Saturday, July 5, 2008

Book Review: Ex Libris

Although I liked The Spirit Catches You and You Fall Down, until recently I was unfamiliar with Anne Fadiman's essays. However, on a recent trip to the bookstore, one of the booksellers rhapsodized over Ex Libris, a collection of Fadiman's essays on books and reading. The bookseller's glowing description and excitement were almost tangible, and I found myself buying Ex Libris along with several other books. I found myself reading the book and finishing it three days after I started.

Ex Libris, which is Latin for "from the books of," is an incredibly fitting title for these essays. Since these essays are about books, this collection is literally "from the books of" Anne Fadiman. On the other hand, if you (like I) are not familiar with Latin, it is a seemingly incomprehensible title that has a slight whiff of intellectual superiority. This is not unlike the book itself. While Fadiman jokes about her family's prowess at academic minutiae, obsessive need to proofread menus, signs, and other books, and attempts to one-up each other finding esoteric words, I got (perhaps incorrectly) the feeling that behind the gentle self-mockery is a sense of self-satisfaction. Regardless of the difficulty of the question, the prices on the menu, or the obscurity of the words, the family prevails. Fadiman's acknowledgment that her family's eccentricities are annoying (at least to other people) seems to carry with it a great deal of pride (in a less literary work, the phrase "with great power comes great responsibility" would undoubtedly show up in regards to her family's intellectual gifts and the world's inability to fully comprehend them).

If I sound affronted by Fadiman's essays, please know that I mention these things with the knowledge of my own sense of both my academic snobbery and my shortcomings. As a lover of literature and learning, I wish that I had the discipline to create a book categorization system as compulsive as the one Fadiman describes. I too get annoyed at the more egregious typos and mistakes I see on signs. I share some of Fadiman's dispositions, particularly in terms of how to treat books (she encourages interacting with them, annotating them, and even occasionally using them to the point of destruction) and her obsession with literary meals. However, I also realize that I am not a grammar or style savant (readers of this blog will be able to attest to this) nor do I have the wherewithal to presume and correct everyone else's spelling and diction mistakes. Consequently, when I notice the aura of intellectual smugness in Ex Libris, perhaps I am just acknowledging my own smugness and my inability to completely embrace it.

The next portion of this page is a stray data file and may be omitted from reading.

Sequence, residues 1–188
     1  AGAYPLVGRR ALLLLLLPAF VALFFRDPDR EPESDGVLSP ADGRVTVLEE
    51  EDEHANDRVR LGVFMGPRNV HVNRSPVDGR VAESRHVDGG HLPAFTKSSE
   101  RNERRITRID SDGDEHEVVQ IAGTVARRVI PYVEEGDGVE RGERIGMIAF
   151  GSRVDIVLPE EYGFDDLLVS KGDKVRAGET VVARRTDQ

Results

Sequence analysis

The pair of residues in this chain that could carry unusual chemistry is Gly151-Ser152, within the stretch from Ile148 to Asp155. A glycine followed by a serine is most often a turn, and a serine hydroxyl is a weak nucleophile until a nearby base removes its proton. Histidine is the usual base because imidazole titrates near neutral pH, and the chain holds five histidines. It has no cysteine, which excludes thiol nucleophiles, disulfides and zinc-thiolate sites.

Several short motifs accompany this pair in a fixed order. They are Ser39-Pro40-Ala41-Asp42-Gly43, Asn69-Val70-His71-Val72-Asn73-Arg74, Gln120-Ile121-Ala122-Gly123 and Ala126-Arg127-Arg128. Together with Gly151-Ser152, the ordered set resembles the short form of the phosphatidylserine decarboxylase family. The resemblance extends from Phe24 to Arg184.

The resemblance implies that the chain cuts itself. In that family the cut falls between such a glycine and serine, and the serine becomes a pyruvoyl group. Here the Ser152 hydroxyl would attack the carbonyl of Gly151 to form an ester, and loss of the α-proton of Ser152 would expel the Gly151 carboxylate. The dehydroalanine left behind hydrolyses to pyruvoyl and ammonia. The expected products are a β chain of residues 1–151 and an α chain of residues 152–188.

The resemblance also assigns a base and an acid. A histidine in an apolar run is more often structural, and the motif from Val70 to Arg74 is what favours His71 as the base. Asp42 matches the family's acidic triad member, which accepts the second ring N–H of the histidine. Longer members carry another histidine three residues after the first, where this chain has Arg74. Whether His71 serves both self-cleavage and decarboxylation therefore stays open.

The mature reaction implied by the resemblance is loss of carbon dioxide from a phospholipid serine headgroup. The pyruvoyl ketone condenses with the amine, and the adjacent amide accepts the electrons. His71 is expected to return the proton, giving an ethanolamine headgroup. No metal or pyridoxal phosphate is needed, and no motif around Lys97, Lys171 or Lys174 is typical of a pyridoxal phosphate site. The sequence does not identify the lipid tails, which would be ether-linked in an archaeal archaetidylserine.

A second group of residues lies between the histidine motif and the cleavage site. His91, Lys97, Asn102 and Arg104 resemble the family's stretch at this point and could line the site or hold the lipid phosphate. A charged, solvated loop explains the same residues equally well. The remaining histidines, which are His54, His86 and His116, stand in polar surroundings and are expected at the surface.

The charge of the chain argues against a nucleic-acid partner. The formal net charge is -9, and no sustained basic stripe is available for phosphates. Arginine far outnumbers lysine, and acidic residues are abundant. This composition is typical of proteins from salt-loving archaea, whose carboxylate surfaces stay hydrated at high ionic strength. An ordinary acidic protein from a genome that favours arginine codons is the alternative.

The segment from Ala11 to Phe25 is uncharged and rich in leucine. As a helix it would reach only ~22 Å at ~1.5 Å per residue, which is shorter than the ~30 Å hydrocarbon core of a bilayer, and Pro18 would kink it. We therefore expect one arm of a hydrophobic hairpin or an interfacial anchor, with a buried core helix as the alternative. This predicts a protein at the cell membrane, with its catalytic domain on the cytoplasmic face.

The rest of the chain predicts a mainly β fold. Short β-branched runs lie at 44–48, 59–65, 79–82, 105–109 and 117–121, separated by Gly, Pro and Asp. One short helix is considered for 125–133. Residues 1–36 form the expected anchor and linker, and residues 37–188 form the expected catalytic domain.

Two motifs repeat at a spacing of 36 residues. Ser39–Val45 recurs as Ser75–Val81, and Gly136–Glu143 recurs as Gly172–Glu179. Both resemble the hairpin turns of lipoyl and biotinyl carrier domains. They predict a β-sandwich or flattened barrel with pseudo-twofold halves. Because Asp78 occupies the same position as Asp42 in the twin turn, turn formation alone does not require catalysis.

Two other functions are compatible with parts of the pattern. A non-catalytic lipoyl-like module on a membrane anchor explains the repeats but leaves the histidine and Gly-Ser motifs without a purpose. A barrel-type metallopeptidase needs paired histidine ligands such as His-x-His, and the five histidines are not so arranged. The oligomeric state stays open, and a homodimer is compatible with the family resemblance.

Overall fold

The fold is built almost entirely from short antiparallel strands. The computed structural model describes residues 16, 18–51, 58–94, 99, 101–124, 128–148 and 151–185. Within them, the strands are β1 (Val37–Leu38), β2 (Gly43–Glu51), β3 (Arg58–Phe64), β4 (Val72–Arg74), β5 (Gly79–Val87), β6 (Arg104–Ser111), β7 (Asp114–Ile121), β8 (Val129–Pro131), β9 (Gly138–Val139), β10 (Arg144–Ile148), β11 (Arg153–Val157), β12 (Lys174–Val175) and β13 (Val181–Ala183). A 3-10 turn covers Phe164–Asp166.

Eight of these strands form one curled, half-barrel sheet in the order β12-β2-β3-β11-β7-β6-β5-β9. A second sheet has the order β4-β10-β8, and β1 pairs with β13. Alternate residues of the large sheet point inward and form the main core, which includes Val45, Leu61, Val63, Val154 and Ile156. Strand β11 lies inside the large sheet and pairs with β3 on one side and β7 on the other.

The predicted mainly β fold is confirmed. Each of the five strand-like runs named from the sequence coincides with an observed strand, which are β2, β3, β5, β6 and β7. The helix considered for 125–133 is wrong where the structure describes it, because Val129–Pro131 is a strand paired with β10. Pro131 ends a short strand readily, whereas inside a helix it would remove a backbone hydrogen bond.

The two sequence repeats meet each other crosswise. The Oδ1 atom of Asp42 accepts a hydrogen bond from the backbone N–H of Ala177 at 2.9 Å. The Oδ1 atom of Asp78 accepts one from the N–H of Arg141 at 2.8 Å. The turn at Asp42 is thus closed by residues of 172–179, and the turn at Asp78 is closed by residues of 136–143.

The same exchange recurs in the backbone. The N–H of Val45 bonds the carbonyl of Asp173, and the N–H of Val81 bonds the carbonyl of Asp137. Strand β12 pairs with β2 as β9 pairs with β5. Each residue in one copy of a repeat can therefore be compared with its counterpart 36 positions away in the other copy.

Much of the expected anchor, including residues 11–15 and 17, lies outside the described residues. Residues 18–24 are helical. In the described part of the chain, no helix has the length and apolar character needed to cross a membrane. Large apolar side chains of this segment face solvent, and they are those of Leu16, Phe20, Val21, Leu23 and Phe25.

With all of that said, it is a compulsively readable book. It is a thought-provoking collection of essays that causes the reader to reflect on his or her own relationship with books and compare it (favorably or unfavorably) with Fadiman's. Furthermore, even if I do get a bit of an inferiority complex with faced with Fadiman's academic quirks and compulsions, they also make me feel a little bit more normal (especially when I cringe upon seeing misused possessives).